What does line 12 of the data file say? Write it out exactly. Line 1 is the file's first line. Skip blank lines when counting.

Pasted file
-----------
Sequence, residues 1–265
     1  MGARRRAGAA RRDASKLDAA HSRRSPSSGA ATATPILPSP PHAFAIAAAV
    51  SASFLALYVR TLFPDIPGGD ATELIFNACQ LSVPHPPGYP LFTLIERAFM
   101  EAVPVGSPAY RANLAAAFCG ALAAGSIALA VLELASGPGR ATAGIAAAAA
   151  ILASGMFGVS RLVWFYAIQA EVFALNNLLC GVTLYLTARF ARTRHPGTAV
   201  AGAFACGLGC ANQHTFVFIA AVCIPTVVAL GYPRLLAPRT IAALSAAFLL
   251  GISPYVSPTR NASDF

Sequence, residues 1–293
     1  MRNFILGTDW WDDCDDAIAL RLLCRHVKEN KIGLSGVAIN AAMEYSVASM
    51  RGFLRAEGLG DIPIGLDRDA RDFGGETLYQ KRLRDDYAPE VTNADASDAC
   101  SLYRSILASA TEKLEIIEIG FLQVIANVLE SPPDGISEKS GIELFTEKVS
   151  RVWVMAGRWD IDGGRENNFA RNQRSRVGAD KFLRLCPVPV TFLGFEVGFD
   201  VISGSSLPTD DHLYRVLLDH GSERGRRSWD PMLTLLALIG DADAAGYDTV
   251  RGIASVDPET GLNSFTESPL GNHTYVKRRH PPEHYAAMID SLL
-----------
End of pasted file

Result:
   151  RVWVMAGRWD IDGGRENNFA RNQRSRVGAD KFLRLCPVPV TFLGFEVGFD